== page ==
SCIENCE IN THE NEWS DAILY
Hyraxes Found to Sing with Varying Syntax
from the San Francisco Chronicle
First things first: The hyrax is not the Lorax. And it does not speak for the trees. It sings, on its own behalf. The hyrax is a bit Seussian, however. It looks something like a rabbit, something like a woodchuck. Its closest living relatives are elephants, manatees and dugongs. And male rock hyraxes have complex songs like those of birds, in the sense that males will go on for five or 10 minutes at a stretch, apparently advertising themselves.
One might have expected that the hyrax would have some unusual qualities--the animals' feet, if you know how to look at them, resemble elephants' toes, the experts say. And their visible front teeth are actually very small tusks. But Arik Kershenbaum and colleagues at the University of Haifa and Tel Aviv University have found something more surprising.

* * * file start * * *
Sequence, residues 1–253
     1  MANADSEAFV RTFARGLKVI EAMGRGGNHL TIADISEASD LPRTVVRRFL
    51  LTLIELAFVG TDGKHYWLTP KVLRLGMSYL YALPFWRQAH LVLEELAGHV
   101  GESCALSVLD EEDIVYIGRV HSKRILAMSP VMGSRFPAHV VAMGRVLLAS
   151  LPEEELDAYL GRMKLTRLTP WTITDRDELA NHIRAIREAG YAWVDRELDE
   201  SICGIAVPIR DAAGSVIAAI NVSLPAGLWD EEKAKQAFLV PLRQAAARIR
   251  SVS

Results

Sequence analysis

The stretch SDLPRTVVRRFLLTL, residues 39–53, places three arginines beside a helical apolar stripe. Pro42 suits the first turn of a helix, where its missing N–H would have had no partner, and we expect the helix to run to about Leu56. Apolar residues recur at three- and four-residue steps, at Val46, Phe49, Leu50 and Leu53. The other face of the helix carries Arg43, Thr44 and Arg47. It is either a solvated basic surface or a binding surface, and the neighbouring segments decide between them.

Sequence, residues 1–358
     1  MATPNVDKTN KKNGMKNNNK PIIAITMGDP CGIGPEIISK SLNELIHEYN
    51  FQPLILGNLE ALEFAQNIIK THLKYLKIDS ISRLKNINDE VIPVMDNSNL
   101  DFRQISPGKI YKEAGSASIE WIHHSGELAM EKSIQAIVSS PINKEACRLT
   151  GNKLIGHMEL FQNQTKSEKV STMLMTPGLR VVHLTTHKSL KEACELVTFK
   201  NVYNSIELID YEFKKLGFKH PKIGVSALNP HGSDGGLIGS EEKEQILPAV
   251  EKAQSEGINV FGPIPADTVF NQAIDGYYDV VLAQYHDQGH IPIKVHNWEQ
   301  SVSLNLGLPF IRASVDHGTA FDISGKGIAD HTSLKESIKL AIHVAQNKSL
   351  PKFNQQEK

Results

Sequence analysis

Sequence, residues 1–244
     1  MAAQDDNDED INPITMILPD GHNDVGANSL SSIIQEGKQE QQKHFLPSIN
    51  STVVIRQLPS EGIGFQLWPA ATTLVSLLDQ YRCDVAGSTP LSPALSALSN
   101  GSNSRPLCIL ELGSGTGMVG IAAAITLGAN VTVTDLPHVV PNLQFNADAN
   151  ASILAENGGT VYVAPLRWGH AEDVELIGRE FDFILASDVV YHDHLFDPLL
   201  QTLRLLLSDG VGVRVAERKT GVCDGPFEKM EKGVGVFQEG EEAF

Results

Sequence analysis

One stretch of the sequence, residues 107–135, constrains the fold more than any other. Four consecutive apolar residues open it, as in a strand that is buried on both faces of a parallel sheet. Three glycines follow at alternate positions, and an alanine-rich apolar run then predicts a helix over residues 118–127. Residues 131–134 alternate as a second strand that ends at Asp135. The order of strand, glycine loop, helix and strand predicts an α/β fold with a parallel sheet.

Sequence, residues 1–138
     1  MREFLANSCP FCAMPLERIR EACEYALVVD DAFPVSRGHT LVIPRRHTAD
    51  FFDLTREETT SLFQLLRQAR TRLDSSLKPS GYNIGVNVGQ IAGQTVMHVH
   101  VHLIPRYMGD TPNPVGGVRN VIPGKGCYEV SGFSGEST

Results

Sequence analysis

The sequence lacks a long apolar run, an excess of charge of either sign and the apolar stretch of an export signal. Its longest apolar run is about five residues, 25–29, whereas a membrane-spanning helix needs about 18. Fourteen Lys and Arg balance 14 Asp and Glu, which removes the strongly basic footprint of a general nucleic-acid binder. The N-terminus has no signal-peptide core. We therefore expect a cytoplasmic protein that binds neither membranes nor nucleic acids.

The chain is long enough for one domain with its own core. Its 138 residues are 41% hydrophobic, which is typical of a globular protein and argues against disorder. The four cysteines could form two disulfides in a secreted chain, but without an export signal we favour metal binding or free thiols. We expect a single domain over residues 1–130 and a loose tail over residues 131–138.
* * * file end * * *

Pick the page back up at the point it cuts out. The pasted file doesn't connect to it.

Hyraxes' songs have something rarely found in mammals: syntax that varies according to where the hyraxes live, geographical dialects in how they put their songs together. The research was published online Wednesday in the Proceedings of the Royal Society B.
Connect With Us:
PODCASTS: From Balloons to Space Stations: Studying Cosmic Rays
Cosmic rays have mysterious qualities about them that scientists continue to research in order to better understand their origins and composition. Dr. Eun-Suk Seo, a professor of physics at the University of Maryland, and her colleagues, fly enormous balloons as large as a football stadium and a volume of 40-million-cubic feet for extended periods over Antarctica to study particles coming from cosmic rays before they break up in the atmosphere.
To view all multimedia content, click "Latest Multimedia."
Receive notification when new content is posted from the entire website, or choose from the customized feeds available.